From the relative monotony of Irvine, I moved to Berkeley where I was welcomed into a co-operative house. The contrast in the atmosphere from the concealed, wholesome-seeming decadence of Orange County to the apparent radicalism of Berkeley was in some ways a welcome change. Northern California itself was also far more abundant in trees, whose collective presence I missed dearly while in Southern California. Away from the arid expanses of the south, and the smell of oil refineries that used to circulate the air, I found new resonances with the intermittent rains and the views of the bay from the hills. I started thinking about and with the idea of pyriscence – the phenomenon ever-present in much of California where certain species of plants require the presence of heat generated by seasonal wildfires to germinate. Pyriscence reverberated all around me in the California plant species that had evolved alongside human-mediated fire for millennia. If plants evolved their life cycles around the presence of fires, what does pyriscence look like for humans, the human psyche? – I found myself wondering often. The answers led me to my own ancestral lineage.
In a now defunct Hindu custom, women who were widowed were often “encouraged” or sometimes, with (and often without) the help of mind-altering substances, coerced into being burnt alive in the funeral pyres of their husbands. The practice, known as sati, was outlawed in the early 19th century. However, the patriarchal values it promoted, namely, the self-sacrifice of women within heterosexual relationships, denial of property rights, and renunciation of sexual autonomy, continues to leave traces across the South Asian psyche. As I learned about pyriscence in California’s plant life and began to entrain my senses towards the presence of fire in the landscape, the spectre of women being set on fire animated my dreams. As I learned about methods of seeing fiery landscapes through satellite imagery, my mind began to speculate about an alternative reality where one could take the satellite technology of today to past centuries and map out all the fires that was patriarchy dotted across the landscape; whether sati burnings of South Asia, or witch burnings of Europe. If pyriscence entrains trees to program their seeds to germinate after contact with fire and heat, what does the collective memory of fire as patriarchal threat mean for the inherited imaginaries of women and femmes, cis, trans and nonbinary, in the environment?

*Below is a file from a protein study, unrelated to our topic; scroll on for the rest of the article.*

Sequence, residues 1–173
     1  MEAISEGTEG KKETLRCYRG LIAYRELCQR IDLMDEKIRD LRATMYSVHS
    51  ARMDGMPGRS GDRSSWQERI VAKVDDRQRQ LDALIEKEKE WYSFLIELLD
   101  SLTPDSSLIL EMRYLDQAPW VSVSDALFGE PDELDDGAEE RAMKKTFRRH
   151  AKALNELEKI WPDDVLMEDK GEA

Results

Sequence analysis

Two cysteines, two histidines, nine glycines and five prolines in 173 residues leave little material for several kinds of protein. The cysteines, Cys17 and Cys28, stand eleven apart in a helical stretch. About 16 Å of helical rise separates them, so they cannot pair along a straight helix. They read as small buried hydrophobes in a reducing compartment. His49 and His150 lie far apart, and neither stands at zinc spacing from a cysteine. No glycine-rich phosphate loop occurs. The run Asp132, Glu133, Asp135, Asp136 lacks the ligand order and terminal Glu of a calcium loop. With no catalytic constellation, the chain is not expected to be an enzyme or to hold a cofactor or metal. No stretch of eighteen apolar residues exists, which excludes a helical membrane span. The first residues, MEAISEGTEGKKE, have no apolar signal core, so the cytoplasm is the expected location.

I live in London now – in the southeast corner of the city, a few minutes away from Thames and a few miles from some ancient woodlands which are unlikely to have seen many fires. Woodlands have a complicated legacy in Britain. With the advent of laws criminalizing poor, landless and vagrant peoples, and the formalization of enclosure of common lands in the early modern period, places deemed “wild” are often seen as necessarily at odds with the project of civilization. If not outright dangerous in the British social imaginary, nature can also be the realm of wastelands, where the productive capacity of the ecosystem have not been put to correct use in a way that makes it legible to capitalist logics. Yet these are the same wildlands and wastelands that are so animated by stories, folklore and myth about more-than-humans and supernatural beings that show a way of being beyond the rigid hierarchies of a class-based society.
Recently, the commons close to where I stay has caught fire several times. Three times, in a span of two weeks, to be exact. As the heat wave brings to mind health concerns for many, another faction of British society seems to be more interested in making the most of a new time with no COVID-19 restrictions. Starting with the platinum jubilee of Queen Elizabeth II’s reign, celebrations pour out into the streets of London, while elsewhere the slow spread of fire across the woodlands and grasslands of the country, even in London, create a strange juxtaposition. They are unravelling a different story, for those that see, smell, and move with fire.
I used to identify it before as “burnout” or as simply a form of writer’s block. Ever since I started my fieldwork in California, I’ve felt haunted by a spectre of wordlessness. Last week, a mere fifteen-minute walk away from my London place I observed parched, burnt landscapes like the ones that once kept me up at night in California.
These fires and what they leave in their wake bring me to a place beyond words. I don’t know if it’s just my pre-verbal brain somatizing environments that are far removed from what I’m accustomed to. In my confoundment, I asked again and again of the land, the grass, and the plants when they had last seen such a sight. Once more, met by their wordlessness, I wandered away, as off in the distance, in the heath itself, faint echoes of carnival music from the local fun fair rippled through the air; not far from sights of billboards, portending new property developments.
I’m wordless because this is too much for one body to take, and because the almost karmic poetry of a climate change-driven grassfires to come for the commons in the lands that first legitimized enclosures and criminalizing the poor. I’m wordless because I cannot say anything to put a nice bow on a tapestry of places and thought forms intermingling and unraveling for the last five hundred years, at war with our bodies and the land itself.